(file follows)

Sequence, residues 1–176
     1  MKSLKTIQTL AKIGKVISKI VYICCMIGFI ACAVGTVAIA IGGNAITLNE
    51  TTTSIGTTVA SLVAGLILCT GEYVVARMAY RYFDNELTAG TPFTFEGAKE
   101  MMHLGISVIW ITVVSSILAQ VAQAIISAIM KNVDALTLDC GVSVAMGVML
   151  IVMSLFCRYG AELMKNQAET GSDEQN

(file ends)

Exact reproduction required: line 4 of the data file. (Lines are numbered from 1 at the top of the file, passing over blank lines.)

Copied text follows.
   101  MMHLGISVIW ITVVSSILAQ VAQAIISAIM KNVDALTLDC GVSVAMGVML